Fungal grass endophytes and arthropod communities: lessons from plant defence theory and multitrophic interactions

UNCG Author/Contributor (non-UNCG co-authors, if there are any, appear on document)
Stanley H. Faeth, Professor Emeritus (Creator)
The University of North Carolina at Greensboro (UNCG )
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Abstract: Alkaloids produced by systemic fungal endophytes of grasses are thought to act as defensive agents against herbivores. Endophytic alkaloids may reduce arthropod herbivore abundances and diversity in agronomic grasses. Yet, accumulating evidence, particularly from native grasses, shows that herbivore preference, abundances and species richness are sometimes greater on endophyte-infected plants, even those with high alkaloids, contrary to the notion of defensive mutualism. We argue that these conflicting results are entirely consistent with well-developed concepts of plant defence theory and tri-trophic interactions. Plant secondary chemicals and endophytic alkaloids often fail to protect plants because: (1) specialist herbivores evolve to detoxify and use defensive chemicals for growth and survival; and (2) natural enemies of herbivores may be more negatively affected by alkaloids than are herbivores. Endophytes and their alkaloids may have profound, but often highly variable, effects on communities, which are also consistent with existing theories of plant defence and community genetics.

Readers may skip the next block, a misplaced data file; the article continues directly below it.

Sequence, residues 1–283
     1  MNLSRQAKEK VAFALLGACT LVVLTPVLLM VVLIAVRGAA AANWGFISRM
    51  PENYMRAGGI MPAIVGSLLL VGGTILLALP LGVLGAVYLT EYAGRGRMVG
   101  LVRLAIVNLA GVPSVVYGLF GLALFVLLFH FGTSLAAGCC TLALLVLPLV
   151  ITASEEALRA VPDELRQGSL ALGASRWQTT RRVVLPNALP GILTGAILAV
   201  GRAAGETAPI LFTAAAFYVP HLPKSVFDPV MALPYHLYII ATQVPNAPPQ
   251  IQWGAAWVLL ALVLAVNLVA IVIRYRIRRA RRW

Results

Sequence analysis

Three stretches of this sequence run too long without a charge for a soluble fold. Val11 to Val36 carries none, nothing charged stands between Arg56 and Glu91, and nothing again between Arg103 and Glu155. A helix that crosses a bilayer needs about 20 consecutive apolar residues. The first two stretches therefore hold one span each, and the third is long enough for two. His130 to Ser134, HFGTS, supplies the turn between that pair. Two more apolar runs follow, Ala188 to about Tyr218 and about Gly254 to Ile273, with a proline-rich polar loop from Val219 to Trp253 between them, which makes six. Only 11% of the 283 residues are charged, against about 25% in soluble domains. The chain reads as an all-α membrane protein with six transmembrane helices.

Additional Information

Fungal Ecology, 5(3), 364-371
Language: English
Date: 2012
Arthropods, Communities, Endophyte, Herbivores, Neotyphodium, Parasites, Plant defence theory, Predators, Trophic interactions

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